Prison Playbook: Humanising the Monsters

Besides the deadpanned funniness which Je-hyeok is giving us, I do like how Prison un-demonises the criminals who are locked up. True, some of them clearly deserves no sympathies from us (or Je-hyeok), such as Gundal, who is a rapist, and is set up since get-go to be the typical annoying bully type. But the other criminals, even the one on death row, appear less monstrous and somehow… incongruous to the crime they committed that put them behind bars. I think the most memorable would be the death row prisoner and the meek halbae whom Je-hyeok met in his short stay in the detention center. Both of them do not fit the bill of blood thirsty killers: death row guy who gave his shampoo to Je-hyeok appears really like your friendly next door neighbour. We learn later from Joon-ho he is a hired assassin. And meek halbae who is pushed around by Gundal? He is imprisoned for stabbing someone to death in broad daylight. (almost like your OCN-ish psycho killer)

In contrast, the prison wardens are a pretty much corrupted lot in Prison. I also find it extremely funny to have Jung Woong-in play an eye rolling, no-nonsense and slightly pissy warden, when he appears to be more like a prisoner (yunno, those SCARY kinds who really need to be locked up, permanently), and gentle looking giant, Choi Moo-sung, whom I still can’t forget as Teak’s dad (in Answer me, 1988) as a hardcore, life-sentenced prisoner. I suppose Je-hyeok, with his innocent fresh-eyed outlook on life, also sees them as people, rather than as monsters. Thus, he goes out to help criminals like Beobja, whom we all know as being so intimately familiar with prisons and detention centers, he probably isn’t a typical “nice guy”. Je-hyeok’s perspective, however, do not extend to his friend, Joon-ho or Joon-ho’s colleagues. Maybe it’s work fatigue, or the necessity of their jobs, but the wardens have successfully compartmentalised the prisoners into sub-humans.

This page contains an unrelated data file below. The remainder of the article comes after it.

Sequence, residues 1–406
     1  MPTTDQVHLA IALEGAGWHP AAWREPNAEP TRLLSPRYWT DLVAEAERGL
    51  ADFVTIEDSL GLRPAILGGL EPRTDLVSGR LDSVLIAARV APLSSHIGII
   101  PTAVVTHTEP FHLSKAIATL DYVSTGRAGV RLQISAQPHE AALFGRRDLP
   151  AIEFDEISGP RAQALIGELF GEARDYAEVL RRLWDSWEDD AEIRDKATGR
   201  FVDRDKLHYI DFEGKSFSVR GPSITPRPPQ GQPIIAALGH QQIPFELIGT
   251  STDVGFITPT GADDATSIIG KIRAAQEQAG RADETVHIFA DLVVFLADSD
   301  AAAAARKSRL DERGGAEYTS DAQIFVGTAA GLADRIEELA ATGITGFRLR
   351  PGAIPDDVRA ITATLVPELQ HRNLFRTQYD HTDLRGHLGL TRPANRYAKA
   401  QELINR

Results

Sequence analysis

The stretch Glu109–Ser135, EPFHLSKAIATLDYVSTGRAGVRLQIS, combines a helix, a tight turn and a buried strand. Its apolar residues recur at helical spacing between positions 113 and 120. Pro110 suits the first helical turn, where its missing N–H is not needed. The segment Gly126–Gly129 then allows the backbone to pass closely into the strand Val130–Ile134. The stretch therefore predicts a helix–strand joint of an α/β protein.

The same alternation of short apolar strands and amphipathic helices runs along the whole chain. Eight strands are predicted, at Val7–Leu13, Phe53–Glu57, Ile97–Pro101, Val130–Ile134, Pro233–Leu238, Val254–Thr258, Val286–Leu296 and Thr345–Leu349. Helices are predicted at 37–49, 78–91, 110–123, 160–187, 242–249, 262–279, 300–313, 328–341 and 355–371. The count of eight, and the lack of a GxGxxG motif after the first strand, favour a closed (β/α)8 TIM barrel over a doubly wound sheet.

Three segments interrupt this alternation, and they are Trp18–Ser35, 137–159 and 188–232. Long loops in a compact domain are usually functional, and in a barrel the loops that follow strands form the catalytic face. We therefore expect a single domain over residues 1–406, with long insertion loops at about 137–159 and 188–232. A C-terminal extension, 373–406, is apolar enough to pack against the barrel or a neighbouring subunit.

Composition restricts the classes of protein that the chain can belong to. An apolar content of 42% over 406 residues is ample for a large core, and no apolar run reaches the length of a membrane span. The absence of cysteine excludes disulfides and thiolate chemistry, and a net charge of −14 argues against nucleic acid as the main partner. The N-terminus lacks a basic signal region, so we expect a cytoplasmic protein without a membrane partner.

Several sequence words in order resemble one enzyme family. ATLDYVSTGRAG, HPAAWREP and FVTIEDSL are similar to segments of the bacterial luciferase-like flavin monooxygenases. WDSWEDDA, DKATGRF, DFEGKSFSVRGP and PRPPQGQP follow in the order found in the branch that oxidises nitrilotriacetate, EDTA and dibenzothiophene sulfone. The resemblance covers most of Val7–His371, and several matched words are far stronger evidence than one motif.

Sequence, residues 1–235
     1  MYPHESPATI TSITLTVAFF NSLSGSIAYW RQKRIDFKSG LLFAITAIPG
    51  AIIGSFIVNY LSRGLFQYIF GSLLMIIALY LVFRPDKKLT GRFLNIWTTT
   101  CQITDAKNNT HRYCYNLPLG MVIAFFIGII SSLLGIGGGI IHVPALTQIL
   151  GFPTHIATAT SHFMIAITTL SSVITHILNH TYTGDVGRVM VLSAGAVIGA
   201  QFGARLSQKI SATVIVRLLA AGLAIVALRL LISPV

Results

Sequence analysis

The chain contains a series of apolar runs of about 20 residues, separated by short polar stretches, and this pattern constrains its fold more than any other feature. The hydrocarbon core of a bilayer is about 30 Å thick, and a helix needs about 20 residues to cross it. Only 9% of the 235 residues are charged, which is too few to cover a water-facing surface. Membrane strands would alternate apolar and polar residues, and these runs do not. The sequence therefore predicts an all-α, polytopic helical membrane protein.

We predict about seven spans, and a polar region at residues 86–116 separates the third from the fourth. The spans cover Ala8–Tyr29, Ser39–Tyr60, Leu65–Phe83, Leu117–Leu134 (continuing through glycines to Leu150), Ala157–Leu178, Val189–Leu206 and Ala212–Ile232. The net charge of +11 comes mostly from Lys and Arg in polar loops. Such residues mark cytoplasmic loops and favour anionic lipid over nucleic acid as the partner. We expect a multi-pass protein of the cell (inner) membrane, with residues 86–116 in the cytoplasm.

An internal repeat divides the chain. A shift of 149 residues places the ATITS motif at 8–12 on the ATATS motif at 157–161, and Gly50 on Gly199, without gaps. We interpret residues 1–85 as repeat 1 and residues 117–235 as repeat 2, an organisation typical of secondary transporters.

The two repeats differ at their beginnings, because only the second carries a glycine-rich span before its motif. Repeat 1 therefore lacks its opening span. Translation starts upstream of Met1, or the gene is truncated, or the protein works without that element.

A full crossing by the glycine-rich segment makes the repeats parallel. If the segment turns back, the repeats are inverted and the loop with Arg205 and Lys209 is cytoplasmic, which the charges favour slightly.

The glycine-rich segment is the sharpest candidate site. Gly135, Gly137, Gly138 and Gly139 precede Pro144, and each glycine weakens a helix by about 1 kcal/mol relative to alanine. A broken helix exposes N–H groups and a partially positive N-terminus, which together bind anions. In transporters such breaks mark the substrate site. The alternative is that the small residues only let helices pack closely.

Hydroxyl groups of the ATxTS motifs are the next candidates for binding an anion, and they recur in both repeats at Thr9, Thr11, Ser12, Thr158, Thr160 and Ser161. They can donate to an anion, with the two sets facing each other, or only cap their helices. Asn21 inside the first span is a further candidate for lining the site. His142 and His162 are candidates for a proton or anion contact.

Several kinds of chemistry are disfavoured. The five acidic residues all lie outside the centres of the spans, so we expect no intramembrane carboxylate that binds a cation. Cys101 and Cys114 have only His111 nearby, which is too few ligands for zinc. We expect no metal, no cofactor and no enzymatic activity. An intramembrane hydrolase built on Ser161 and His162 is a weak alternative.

Of course, the prison system aids in dehumanising the prisoners. Instead of being given names, they are issued impersonal numbers. And being in a slightly elevated position of power corrupts the wardens. They are in position to dish out favours, and can play favoritism. Je-hyeok with his superstar status naturally attracts attention from the wardens, and they either fawn over him and give him loads of extras or they make use of him for their ends. Both situations do not help Je-hyeok, who still had to mingle with the rest of the prisoners. And I take my hat off him that despite being given loads of baits, he refuses to bite, preferring not to be singled out, one way or another.

But…his ailing shoulder may bear the brunt of his decision.

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